WORLD NEWS

Paris terror trial opens for 20 accused in 2015 attacks

Sep 8, 2021, 8:46 AM | Updated: 2:20 pm
French Gendarmerie stand guard by the main gates of the Palais de Justice, where the trial of the 2...
French Gendarmerie stand guard by the main gates of the Palais de Justice, where the trial of the 2015 terror attack in Paris will take place from tomorrow, September 7, 2021, Paris, France. In November 2015, three teams of jihadists launched a suicide-bombing and gun assault on bars, restaurants and the Bataclan concert hall, killing 130. Tomorrow is the first day of what is scheduled to be a nine-month trial over these attacks, with 14 of 20 defendants present, including the sole surviving attacker. The Islamic State claimed responsibility for the attacks, which were allegedly planned from Syria. (Photo by Siegfried Modola/Getty Images)
(Photo by Siegfried Modola/Getty Images)

PARIS (AP) — The trial of 20 men accused in the Islamic State group’s coordinated attacks on Paris in 2015 that transformed France opened Wednesday in a custom-built complex embedded within a 13th-century courthouse.

Nine gunmen and suicide bombers struck within minutes of each other at several locations around Paris on Nov. 13, 2015, leaving 130 people dead and spreading fear across the nation. It was the deadliest violence to strike France since World War II and one of the worst terror attacks to hit the West.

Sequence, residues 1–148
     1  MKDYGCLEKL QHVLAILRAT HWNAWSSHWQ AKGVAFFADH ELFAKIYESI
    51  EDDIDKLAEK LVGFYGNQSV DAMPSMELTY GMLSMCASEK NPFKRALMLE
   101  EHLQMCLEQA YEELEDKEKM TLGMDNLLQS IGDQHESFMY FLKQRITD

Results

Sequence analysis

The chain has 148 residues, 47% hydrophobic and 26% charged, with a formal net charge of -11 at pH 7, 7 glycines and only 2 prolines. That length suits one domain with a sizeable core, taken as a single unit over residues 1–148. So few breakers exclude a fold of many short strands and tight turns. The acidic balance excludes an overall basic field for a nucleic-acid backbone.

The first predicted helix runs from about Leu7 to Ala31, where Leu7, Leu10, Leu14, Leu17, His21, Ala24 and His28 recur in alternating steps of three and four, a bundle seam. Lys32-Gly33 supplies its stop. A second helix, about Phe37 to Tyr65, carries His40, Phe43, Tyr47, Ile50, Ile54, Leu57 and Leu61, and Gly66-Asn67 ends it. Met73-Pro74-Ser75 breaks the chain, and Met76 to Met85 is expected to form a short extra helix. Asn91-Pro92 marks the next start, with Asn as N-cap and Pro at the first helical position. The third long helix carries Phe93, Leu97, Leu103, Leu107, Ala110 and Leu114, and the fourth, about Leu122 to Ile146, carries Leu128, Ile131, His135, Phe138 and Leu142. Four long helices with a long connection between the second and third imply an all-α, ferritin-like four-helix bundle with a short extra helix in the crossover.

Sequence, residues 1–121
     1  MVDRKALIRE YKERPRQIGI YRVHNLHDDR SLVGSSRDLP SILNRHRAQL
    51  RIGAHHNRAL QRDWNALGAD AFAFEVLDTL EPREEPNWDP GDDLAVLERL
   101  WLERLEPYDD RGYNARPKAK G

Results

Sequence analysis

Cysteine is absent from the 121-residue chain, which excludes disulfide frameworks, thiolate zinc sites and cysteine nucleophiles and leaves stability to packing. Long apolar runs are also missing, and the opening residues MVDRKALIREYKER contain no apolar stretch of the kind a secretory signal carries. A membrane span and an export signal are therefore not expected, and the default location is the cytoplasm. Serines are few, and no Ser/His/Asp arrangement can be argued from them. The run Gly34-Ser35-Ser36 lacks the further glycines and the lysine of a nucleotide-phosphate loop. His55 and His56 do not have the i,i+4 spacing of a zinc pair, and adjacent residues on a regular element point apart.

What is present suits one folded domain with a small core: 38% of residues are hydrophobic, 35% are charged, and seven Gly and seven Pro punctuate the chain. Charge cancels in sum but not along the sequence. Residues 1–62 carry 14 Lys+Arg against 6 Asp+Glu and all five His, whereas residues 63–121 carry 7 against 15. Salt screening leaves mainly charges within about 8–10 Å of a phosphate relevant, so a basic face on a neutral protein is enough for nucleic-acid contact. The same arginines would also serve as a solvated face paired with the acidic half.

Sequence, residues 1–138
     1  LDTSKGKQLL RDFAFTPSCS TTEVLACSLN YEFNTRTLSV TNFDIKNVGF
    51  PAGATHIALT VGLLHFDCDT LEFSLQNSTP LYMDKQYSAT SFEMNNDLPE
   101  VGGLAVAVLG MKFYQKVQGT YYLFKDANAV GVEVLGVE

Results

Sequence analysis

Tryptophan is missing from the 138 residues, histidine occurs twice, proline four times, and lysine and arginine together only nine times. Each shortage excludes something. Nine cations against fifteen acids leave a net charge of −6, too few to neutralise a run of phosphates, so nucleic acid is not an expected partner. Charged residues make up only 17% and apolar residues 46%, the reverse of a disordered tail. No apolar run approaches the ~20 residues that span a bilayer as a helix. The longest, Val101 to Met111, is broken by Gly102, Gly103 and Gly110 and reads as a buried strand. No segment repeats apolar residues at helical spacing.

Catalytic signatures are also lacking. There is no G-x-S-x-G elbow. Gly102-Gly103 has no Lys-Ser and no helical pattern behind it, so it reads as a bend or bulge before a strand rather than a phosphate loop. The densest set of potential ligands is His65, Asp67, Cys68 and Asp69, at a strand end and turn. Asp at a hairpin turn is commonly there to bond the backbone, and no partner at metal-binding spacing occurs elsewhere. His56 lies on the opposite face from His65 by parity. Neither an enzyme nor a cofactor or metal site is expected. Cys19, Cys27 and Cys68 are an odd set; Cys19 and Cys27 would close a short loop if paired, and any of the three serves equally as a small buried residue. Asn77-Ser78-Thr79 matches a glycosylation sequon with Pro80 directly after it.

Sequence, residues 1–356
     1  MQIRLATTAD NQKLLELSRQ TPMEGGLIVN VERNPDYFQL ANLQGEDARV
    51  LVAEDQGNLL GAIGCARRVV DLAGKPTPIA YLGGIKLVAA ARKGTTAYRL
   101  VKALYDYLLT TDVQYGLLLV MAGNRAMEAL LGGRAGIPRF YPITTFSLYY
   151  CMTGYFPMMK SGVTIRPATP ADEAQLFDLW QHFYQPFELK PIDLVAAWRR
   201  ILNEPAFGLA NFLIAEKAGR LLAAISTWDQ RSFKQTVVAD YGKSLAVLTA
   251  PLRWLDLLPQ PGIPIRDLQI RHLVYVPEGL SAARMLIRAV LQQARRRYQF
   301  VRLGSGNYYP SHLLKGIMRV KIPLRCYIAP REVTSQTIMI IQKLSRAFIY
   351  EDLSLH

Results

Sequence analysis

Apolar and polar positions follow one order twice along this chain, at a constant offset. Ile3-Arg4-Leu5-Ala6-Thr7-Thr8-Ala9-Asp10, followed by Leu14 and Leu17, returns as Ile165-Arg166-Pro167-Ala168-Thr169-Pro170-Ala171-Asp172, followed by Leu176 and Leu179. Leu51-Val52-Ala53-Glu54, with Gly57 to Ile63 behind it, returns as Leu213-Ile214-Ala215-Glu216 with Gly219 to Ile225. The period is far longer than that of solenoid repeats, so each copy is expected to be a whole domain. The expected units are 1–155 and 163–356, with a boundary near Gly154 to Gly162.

The worst carnage was at the Bataclan concert hall, where three men with assault rifles gunned down scores of people and grabbed a handful of hostages. Other attackers targeted the national soccer stadium, where the president was attending a game, and as well as cafes filled with people on a mild autumn night.

The lone surviving attacker from that night, Salah Abdeslam, is the key defendant — but he has so far refused to speak to investigators, denying them answers to many of the remaining questions about the attacks and the people who planned them. Abdeslam, whose brother was among the suicide bombers, appeared wearing a black short-sleeved shirt and black trousers, his long hair tied back.

When asked to state his profession, he declared he was “a fighter for Islamic State” after intoning a prayer.

Abdeslam, who fled the night if the attacks after ditching his car and a malfunctioning suicide vest, is the only defendant charged with murder. The other defendants present face lesser terrorism charges.

The presiding judge, Jean-Louis Peries, acknowledged the extraordinary nature of the attacks, which changed security in Europe and France’s political landscape, and the trial to come. France only emerged from the state of emergency declared in the wake of the attacks in 2017, after incorporating many of the harshest measures into law.